Dean: What do you mean, Peter, by pop-up stores?

Peter: There’s going to be a lot of real estate that isn’t going to be used over the coming 12, 18, 24 months, and I think that there’ll be certain brands that would benefit from using those for brand building for shortish periods of time.

If you’re thinking about winter clothing, and you’re a brand that makes winter clothing, you might well take over a small sub-1,000-square-foot space but put very large LED screens in maybe around the walls. You might invest in floor-based LED as well to create an immersive environment, and you won’t really have a lot of stock there.

You won’t be selling products, per se. It’ll be a brand experience which you can then lead people to. Maybe it’s through interactive devices or contactless engagement through eye tracking or what have you, which then is a walk-away. It’s a brand connection that then leads to a purchase either in-store, through an online purchase, or post-experience when they’ve followed up through the contacts by the brand.

Those can move around. There’s been a bit of that with some of the forward-thinking brands. But I think there’ll be a lot more of it now where you’ll have almost a roadshow, but it’s going pop-up to pop-up. It’s spending a few weeks at a particular location.

Whether it’s in Soho, or North London, or in Manchester, or Paris, or New York, those locations are going to have people with disposable income still, who are looking to engage and are looking to have these brand experiences. That’s the rethink that I think is coming.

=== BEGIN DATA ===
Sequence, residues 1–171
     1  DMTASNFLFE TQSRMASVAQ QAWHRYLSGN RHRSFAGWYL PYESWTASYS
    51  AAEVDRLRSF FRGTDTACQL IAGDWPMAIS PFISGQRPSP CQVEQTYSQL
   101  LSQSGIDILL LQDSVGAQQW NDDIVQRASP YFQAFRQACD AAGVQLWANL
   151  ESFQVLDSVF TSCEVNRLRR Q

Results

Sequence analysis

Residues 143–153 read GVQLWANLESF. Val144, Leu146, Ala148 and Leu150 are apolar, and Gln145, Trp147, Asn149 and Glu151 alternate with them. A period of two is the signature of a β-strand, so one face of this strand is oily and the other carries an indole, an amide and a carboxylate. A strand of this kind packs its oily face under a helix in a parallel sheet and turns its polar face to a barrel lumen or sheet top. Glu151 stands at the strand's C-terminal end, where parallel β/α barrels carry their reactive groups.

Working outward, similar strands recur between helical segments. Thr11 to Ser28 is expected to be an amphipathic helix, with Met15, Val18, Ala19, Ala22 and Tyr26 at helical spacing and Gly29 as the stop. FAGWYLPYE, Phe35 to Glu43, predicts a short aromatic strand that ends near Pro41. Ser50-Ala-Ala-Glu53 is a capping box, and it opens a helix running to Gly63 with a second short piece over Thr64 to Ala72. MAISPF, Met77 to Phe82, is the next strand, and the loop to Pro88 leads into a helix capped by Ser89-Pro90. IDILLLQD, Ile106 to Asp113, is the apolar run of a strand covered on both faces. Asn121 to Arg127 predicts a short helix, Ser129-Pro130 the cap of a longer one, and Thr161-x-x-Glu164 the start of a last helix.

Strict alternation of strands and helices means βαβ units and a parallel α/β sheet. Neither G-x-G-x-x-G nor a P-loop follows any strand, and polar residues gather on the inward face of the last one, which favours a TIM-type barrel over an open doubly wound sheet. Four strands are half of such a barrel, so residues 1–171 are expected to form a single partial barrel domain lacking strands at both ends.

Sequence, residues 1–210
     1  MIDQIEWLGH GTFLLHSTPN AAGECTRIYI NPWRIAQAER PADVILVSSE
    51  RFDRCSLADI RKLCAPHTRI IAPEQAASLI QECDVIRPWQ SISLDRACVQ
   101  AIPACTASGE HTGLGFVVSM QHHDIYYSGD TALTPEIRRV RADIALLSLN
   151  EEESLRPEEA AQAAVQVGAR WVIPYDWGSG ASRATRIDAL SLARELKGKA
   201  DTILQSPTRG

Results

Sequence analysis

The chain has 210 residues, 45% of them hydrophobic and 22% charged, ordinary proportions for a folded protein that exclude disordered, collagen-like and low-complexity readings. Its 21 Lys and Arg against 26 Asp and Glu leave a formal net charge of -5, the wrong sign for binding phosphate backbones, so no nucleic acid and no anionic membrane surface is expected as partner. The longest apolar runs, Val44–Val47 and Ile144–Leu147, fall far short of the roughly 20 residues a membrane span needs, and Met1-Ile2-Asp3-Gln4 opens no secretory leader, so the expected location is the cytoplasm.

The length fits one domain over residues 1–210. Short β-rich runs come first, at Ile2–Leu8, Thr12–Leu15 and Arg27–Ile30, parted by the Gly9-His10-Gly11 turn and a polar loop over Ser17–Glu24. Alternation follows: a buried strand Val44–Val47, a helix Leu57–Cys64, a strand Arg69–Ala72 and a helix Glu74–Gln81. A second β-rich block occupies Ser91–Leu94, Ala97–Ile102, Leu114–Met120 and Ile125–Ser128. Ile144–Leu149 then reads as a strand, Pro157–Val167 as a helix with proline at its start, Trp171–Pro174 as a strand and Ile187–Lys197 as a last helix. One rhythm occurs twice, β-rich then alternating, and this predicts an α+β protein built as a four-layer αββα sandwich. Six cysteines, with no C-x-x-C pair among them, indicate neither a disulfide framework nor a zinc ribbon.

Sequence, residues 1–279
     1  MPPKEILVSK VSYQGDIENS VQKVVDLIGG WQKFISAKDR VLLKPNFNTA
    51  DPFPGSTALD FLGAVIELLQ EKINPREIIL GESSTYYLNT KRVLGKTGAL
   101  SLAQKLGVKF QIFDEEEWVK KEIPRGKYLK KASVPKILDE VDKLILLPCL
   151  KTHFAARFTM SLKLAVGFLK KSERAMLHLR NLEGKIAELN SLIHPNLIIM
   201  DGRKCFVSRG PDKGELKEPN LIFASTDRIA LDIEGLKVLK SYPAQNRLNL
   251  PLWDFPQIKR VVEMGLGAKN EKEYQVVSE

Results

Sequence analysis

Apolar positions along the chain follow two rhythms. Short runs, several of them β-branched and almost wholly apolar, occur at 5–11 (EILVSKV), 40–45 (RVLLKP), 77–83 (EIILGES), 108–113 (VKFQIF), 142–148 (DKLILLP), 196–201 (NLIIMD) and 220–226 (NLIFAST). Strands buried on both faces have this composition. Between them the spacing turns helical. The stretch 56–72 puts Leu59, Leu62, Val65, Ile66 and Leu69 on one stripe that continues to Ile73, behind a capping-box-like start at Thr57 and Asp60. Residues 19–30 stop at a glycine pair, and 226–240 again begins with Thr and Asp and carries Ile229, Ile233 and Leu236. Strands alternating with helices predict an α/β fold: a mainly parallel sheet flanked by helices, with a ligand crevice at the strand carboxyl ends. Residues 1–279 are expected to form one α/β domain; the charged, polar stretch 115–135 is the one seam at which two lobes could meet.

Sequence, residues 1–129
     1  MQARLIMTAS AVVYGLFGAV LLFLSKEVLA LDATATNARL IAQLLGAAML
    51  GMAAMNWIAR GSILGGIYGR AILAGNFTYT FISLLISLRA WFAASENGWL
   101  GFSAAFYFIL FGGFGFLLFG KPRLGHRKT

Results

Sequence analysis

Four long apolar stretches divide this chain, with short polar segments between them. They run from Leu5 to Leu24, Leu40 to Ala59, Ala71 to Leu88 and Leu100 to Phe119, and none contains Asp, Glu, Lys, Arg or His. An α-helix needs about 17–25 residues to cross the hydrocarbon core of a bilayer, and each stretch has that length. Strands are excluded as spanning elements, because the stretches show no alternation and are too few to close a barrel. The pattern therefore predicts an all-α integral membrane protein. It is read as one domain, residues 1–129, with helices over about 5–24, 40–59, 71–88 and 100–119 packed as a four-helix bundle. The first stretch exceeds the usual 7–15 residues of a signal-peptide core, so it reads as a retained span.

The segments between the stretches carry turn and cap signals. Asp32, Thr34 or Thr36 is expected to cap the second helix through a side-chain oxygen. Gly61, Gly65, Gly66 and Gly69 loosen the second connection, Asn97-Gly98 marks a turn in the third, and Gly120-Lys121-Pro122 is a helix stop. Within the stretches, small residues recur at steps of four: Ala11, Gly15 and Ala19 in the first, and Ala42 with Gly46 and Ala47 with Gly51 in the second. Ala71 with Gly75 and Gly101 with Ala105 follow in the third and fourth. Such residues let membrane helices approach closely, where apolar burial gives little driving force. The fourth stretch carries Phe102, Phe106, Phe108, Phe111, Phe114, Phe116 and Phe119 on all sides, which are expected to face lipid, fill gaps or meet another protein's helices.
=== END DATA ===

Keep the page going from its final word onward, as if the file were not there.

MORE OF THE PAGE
Facial Recognition vs. Facial Analytics

Dean: You mentioned eye tracking, and of course, that leads to facial recognition. What are the differences between eye tracking and facial recognition?

Peter: They all tie together and, to be honest with you, you’re saying what everyone thinks, because it is quite confusing. When you’re looking at a camera, you have no idea if it’s a facial recognition camera or a facial analytics camera. The difference between the two is the storage of your personal data, your image, and then tying that to your personal data—name, date of birth, etc., etc.

Facial analytics is where we tend to play. Facial analytics is anonymous because we’re not storing any images at all, though it’s a camera. It’s often referred to as computer vision.

Computer vision is using a camera to show you something, and then the computer analyzes it and turns that into data. It compares you to a data model, your face to a data model, and then it will assign gender, age, emotion, state, and various other things.

These models are pretty accurate these days. Intel OpenVINO is a platform that we use for this technology. It enables a very rich environment for you to understand who, in broad generalized groups, you’re looking at, and also the numbers that you’re looking at.

You can use that data to give you an insight into where people are, what they’re doing, how long they’re looking at something, what attention you get physically with the eyes on the content or the area in store. You can use this to align it with digital campaigns that are being shown, or indeed, you can apply it in an analog world where you might have a wall of shoes, and you could determine which shoes get the most attention from people who are standing in the vicinity.